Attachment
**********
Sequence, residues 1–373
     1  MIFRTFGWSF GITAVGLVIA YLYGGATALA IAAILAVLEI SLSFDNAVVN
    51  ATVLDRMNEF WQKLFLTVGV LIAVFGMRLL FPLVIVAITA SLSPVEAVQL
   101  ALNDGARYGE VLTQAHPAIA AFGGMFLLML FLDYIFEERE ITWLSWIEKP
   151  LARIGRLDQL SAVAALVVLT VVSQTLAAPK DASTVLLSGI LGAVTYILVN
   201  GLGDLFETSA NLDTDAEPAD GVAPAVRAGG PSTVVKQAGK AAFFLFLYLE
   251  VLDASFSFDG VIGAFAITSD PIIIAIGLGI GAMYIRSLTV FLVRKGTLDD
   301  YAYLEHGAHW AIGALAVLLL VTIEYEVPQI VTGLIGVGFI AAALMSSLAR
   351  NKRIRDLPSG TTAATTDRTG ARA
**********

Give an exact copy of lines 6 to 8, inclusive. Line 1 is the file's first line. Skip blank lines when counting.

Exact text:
   201  GLGDLFETSA NLDTDAEPAD GVAPAVRAGG PSTVVKQAGK AAFFLFLYLE
   251  VLDASFSFDG VIGAFAITSD PIIIAIGLGI GAMYIRSLTV FLVRKGTLDD
   301  YAYLEHGAHW AIGALAVLLL VTIEYEVPQI VTGLIGVGFI AAALMSSLAR